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Bottlenose dolphins © Christopher Swann

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Groups Welcome Federal Agency’s Decision to Protect Russian Beluga Whales

Beluga whale in captivityWhale and Dolphin Conservation (WDC), The Animal Welfare Institute (AWI), Cetacean Society International (CSI), and Earth Island Institute (EII) lauded the National Marine Fisheries Service (NMFS) for its proposed designation of the Sakhalin Bay-Amur River population of beluga whales in Russia as depleted under the US Marine Mammal Protection Act (MMPA). A depleted designation would make it illegal to import any belugas from this population into the United States for public display. The proposed rule must undergo a 60-day public comment period before it is finalized.

In 2014, the groups submitted a petition to designate this population of belugas as depleted after Georgia Aquarium, a U.S. facility, attempted to import 18 of the whales in 2012. The science clearly showed that the population was well below 60 percent of its historic size, and therefore depleted under MMPA criteria. The groups supported NMFS’ decision to deny Georgia Aquarium’s import permit and intervened on behalf of the agency after it was subsequently sued by the facility. While a September 2015 court ruling finally upheld the agency’s decision, the possibility remained that other facilities, or even Georgia Aquarium itself, could apply again for import permits. A depleted designation would eliminate this possibility, even for belugas captured from this stock that are already in captivity.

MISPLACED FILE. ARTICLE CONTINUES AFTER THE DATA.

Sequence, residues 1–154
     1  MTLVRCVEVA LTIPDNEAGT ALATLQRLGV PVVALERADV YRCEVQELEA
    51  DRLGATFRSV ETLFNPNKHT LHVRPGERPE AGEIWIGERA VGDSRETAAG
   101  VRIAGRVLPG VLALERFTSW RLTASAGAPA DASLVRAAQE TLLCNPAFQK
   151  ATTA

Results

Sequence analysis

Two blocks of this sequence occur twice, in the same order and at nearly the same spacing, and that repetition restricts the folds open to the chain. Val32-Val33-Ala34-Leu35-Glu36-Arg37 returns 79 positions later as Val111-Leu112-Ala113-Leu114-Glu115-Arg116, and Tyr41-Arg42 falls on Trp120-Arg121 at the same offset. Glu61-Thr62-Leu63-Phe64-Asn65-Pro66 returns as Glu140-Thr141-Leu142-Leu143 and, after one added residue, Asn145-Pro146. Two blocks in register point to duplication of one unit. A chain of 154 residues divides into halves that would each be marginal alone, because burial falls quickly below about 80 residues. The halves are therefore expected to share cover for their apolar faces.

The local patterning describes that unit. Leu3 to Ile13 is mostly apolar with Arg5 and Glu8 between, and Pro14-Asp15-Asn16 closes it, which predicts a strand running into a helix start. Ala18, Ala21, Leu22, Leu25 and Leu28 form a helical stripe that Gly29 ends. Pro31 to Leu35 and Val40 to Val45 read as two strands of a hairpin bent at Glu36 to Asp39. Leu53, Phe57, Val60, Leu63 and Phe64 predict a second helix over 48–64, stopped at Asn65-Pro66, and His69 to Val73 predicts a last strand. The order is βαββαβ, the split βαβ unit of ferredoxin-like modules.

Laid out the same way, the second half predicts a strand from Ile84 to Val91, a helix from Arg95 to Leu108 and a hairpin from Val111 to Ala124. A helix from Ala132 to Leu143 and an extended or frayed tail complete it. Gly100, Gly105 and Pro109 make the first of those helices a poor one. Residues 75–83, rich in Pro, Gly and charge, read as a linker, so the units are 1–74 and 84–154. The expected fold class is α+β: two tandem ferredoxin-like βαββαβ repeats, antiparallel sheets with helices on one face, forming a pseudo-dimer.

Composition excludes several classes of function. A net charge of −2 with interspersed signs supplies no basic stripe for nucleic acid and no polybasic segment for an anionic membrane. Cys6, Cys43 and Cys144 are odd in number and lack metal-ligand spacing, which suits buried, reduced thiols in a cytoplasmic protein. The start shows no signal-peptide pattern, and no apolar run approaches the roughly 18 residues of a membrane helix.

“The decision to designate the Sakhalin-Amur belugas as depleted should encourage Russian authorities to reconsider this trade and allow this beleaguered population to recover,” stated Courtney Vail, campaigns manager for WDC. “Hopefully this action will serve as a signal that science and the precautionary principle can work hand-in-hand to guide international protection of extremely vulnerable populations of marine mammals outside of U.S. waters.”

“We are thrilled with this decision,” said Dr. Naomi Rose, AWI marine mammal scientist. “These belugas may be in Russia, but what we do here in the United States sets an example for authorities responsible for marine mammal protection everywhere. This decision sends a strong message that this country will not be part of an unsustainable and inhumane trade in live belugas.”

A designation will also provide a framework for U.S. agencies to promote stronger protections for the Sakhalin Bay-Amur River population of belugas. Russia has allowed captures from this population for the purpose of public display for many years. Many of the captured whales are used in Russia’s domestic facilities or are shipped to China and other destinations every year.

“NMFS’ decision helps to demonstrate our nation’s resolve not to support the international trade of species and populations in peril,” said William Rossiter, CSI executive director for advocacy, science and grants. “It would be wonderful if this decision influences other nations, but it’s absolutely imperative for the United States to declare ‘not here, not now.’”

“The beluga whale population in the Pacific is facing a number of threats, including pollution, killing by local native groups, and, in the not too distant future, the disruptions caused by global warming,” stated Mark J. Palmer, associate director of EII’s International Marine Mammal Project. “Catching beluga whales for a shortened life in captivity should not continue for these vulnerable populations.”

To learn more about some of WDC’s work to protect beluga whales, visit here.